More than 100 Silver Lake residents gathered in Occidental College’s Choi auditorium April 19 to discuss the future of their town’s water reservoir. The final session of 3rd LA: City on the Verge, titled “96 Acres: Designs on the Silver Lake Reservoir,” was dedicated to discussing the repurposing of the Silver Lake reservoir in Los Angeles. The event was one of 18 talks given since the initiation of the 3rd LA series in 2015.
Panelists included Alexander Robinson, assistant professor of the University of Southern California’s Landscape Architecture Program and principal of the Office of Outdoor Research, Ann Marie Johnson, co-chair of the Silver Lake Neighborhood Council, Catherine Geanuracos, co-founder, treasurer and secretary of Silver Lake Forward and Alissa Walker, urbanism writer and editor for Curbed Los Angeles.
The Los Angeles Department of Water and Power (LADWP), which owns and maintains the reservoirs in the Los Angeles area, announced December 2007 that the Silver Lake reservoir and the neighboring Ivanhoe reservoir had both been contaminated by exceptionally high levels of the cancerous, sunlight-produced chemical bromate. Both reservoirs were drained March 2008 and refilled May 2008, according to the LADWP website. The Ivanhoe reservoir was eventually layered with black, hollow, plastic shade balls to prevent the resurgence of bromate levels in the water. When sunlight mixes with chlorine and bromide, the carcinogen bromate forms. The shade balls function to stop the sunlight from mixing with these chemicals and this process from occurring. Meanwhile, the Silver Lake reservoir remained out of order.
In 2015, under the Headworks Reservoir Project, LADWP drained the Silver Lake reservoir a second time, making it unstable as a water source. In the two years since, community members, city officials and LADWP have been conflicted regarding how and whether to repurpose the now obsolete reservoir, Hawthorne said. Based on differing perspectives, Silver Lake residents have formed groups on how these 96 acres of land would best serve and reflect community interests. According to Hawthorne, some residents say the reservoir should be refilled immediately, while others think no plan of action should be taken before reaching a consensus. Organizations such as Los Angeles Forward have brought forth comprehensive proposals that envision recreational water sports, walkways and more diverse aquatic life.
Geanuracos believes that refilling the banks would allow residents to beautify the area surrounding the lake and beyond it, making it more welcoming to wildlife and conducive to recreational water sports. Walker mostly agrees with Geanuracos but appealed to issues of public space and whether city officials oppose this plan simply because they want to prevent an influx of people to Silver Lake. Johnson is supportive of the current efforts to refill the reservoir in the following months while Robinson agreed that beautifying and repairing the landscape, which currently resembles marshland, would best serve the community.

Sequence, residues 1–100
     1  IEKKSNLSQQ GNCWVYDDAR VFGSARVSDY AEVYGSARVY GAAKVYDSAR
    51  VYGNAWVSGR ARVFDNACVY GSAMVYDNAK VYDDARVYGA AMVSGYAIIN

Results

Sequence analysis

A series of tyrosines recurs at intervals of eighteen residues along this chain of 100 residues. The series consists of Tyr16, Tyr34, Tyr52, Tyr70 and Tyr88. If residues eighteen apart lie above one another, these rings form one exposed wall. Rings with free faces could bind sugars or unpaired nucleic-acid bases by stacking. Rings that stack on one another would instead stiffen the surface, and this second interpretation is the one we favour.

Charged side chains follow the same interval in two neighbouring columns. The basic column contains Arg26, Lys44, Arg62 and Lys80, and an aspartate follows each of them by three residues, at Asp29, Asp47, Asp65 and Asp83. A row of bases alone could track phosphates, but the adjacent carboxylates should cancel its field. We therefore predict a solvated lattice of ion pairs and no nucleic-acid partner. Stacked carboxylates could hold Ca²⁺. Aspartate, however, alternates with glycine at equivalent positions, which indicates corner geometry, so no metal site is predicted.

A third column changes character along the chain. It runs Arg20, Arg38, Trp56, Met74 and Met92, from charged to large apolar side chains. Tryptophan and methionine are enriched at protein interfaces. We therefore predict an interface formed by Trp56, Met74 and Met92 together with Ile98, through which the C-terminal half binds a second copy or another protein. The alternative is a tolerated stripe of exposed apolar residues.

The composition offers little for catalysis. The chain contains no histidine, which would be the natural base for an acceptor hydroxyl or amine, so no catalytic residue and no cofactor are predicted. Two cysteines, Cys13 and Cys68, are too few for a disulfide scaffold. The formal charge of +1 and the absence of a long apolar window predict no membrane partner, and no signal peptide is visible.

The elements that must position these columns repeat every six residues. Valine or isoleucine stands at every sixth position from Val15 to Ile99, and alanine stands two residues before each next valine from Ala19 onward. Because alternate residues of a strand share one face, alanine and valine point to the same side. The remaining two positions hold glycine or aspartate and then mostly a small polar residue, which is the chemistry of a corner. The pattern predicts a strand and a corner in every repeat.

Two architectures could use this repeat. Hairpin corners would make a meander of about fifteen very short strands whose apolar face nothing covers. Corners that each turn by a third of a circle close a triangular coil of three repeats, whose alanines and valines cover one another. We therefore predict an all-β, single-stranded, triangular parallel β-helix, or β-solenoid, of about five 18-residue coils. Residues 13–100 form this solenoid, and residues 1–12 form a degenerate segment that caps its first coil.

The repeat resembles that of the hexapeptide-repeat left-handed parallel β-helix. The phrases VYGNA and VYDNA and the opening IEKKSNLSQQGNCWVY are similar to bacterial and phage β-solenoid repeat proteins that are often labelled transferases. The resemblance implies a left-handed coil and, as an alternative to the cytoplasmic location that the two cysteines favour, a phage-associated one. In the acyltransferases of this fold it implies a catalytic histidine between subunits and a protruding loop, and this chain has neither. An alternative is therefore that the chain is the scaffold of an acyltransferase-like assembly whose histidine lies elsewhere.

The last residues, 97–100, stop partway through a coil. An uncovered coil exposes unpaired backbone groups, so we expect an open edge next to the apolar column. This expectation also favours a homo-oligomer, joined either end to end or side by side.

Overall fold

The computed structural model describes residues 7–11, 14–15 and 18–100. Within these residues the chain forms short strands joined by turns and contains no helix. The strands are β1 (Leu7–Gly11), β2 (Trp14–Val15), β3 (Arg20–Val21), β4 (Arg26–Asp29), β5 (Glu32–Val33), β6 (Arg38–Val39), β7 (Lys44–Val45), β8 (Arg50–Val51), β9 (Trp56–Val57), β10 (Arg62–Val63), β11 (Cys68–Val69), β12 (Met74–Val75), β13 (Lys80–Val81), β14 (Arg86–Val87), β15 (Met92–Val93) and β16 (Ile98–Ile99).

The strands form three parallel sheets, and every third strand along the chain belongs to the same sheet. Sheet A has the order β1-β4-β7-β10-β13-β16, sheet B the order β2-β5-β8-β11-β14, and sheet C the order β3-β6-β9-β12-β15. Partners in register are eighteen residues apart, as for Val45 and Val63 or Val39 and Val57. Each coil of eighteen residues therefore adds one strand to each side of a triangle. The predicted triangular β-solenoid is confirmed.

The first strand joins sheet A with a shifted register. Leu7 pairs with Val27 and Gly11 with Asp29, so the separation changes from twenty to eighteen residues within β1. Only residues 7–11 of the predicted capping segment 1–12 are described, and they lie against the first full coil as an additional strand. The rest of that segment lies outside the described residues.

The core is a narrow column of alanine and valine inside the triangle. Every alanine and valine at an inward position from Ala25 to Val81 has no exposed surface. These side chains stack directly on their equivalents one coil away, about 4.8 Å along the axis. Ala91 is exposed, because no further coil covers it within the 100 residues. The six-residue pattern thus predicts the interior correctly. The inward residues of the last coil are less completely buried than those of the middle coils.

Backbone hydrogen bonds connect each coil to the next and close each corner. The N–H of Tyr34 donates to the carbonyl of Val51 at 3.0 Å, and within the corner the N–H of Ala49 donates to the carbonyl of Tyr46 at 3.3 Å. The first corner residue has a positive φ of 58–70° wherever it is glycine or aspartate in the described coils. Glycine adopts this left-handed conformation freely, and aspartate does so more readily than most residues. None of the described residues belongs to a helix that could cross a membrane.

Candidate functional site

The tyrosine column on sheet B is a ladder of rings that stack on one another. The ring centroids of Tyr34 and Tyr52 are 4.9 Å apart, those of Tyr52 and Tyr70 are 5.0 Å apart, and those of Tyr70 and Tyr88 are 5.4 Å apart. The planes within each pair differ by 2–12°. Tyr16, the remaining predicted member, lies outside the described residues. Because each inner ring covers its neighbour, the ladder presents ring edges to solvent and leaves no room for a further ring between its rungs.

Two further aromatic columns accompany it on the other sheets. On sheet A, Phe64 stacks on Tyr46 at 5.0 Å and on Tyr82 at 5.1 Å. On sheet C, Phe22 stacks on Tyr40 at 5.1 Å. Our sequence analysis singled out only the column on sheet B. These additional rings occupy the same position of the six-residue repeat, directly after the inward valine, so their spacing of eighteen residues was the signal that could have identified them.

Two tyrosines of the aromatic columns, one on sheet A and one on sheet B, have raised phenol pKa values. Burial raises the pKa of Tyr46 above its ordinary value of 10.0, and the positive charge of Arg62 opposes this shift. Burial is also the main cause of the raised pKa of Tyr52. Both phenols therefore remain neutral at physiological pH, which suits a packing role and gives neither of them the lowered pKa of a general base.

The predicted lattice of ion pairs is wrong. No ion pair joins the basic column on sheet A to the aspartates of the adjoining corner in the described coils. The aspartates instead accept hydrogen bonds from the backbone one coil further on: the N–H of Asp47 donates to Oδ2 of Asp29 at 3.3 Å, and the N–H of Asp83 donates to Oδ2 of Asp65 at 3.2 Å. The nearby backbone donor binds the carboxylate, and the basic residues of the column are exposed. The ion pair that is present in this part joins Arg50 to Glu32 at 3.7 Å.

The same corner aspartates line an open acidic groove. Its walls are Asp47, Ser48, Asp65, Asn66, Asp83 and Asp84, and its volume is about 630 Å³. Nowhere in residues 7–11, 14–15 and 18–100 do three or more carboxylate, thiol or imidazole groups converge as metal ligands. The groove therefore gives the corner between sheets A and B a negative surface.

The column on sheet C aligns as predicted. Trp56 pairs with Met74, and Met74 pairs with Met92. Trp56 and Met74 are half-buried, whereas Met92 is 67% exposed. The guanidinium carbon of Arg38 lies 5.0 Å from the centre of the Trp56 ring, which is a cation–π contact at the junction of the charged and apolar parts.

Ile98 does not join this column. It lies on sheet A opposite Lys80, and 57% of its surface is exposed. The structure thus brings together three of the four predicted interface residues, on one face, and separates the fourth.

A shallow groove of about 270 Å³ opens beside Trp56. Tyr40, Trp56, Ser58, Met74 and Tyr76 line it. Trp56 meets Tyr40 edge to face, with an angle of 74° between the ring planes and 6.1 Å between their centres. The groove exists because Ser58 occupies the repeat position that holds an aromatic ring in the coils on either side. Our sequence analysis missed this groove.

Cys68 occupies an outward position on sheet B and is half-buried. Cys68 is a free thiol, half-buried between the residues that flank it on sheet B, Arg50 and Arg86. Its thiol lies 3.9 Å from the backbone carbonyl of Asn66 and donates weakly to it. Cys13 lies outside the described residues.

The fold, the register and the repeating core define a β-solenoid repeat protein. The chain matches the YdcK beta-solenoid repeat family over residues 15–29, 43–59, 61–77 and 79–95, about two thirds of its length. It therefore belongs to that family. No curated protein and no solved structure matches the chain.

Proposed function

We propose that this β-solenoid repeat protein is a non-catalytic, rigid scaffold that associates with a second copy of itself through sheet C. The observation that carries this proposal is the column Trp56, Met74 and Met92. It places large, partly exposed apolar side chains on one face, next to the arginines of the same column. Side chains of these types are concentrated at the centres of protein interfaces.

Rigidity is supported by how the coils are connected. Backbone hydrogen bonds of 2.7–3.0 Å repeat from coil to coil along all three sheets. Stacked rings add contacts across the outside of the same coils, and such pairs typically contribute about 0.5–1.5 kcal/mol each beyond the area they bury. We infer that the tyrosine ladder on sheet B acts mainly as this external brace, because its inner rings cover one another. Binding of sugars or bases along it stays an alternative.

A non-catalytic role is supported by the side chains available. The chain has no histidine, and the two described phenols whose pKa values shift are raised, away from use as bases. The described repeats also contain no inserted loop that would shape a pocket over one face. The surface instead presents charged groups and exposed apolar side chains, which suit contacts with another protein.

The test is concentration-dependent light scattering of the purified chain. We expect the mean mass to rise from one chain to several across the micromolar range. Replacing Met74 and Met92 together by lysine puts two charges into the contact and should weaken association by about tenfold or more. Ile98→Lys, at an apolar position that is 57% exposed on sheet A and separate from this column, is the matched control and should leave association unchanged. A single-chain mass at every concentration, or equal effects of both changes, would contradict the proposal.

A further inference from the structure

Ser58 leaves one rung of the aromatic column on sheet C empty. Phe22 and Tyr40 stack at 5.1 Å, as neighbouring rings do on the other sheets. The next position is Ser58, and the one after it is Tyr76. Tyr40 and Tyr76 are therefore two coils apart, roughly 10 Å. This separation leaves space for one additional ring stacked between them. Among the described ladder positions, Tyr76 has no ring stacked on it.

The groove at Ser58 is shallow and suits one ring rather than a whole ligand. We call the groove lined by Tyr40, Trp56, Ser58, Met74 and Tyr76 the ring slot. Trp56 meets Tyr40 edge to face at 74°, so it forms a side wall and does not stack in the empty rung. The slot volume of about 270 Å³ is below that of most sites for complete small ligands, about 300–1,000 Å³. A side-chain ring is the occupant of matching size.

Some Silver Lake residents are preoccupied with maintaining the location’s wildlife and are resistant to the potential urban changes, according to Hawthorne. There are several proposals that would involve turning the land into a park or green space, which would require driving out the ecosystems that currently inhabit the area.
Other Silver Lake residents consider the vacant land an opportunity to create a more inviting space, one that will be open to people from all over LA county. Joe Henkens, Silver Lake resident, hopes to see the reservoir repurposed to provide the neighborhood with a more inviting space that would increase civic engagement and would welcome residents and commuters alike.
Amy Pino (junior) viewed the discussion as unproductive and said most participants seemed to be set in their opinions of what the future should be.
“I was personally a little disappointed to see that some Silver Lake residents were so adamantly opposed to the idea of turning it into low income or affordable housing, just because it’s such a large piece of land that could be used in a lot of great ways if residents were actually open to having a conversation about it,” Pino said.
Silver Lake residents can agree on one thing — they want the 96 acres of land to be representative of their community’s future — what remains unclear is what that future will look like.
The 3rd LA series, a sequence of discussions in an ongoing conversation concerning the past, present and future of LA, is led by Urban & Environmental Policy (UEP) Professor Christopher Hawthorne. These conversations, which have become an Occidental tradition, function as a component of the UEP 308 class titled “The Third Los Angeles Project” taught by Hawthorne each spring.
Hawthorne expressed that his intention with the 3rd LA series is to find topics that challenge landscape architecture in their intricacies and multifacetedness.
“I’m especially interested in finding subjects that are emblematic of larger questions faced by LA and Southern California — subjects that allow us to take some measure of our civic identity and ambition and of the anxieties that so often accompany growth and change,” Hawthorne said.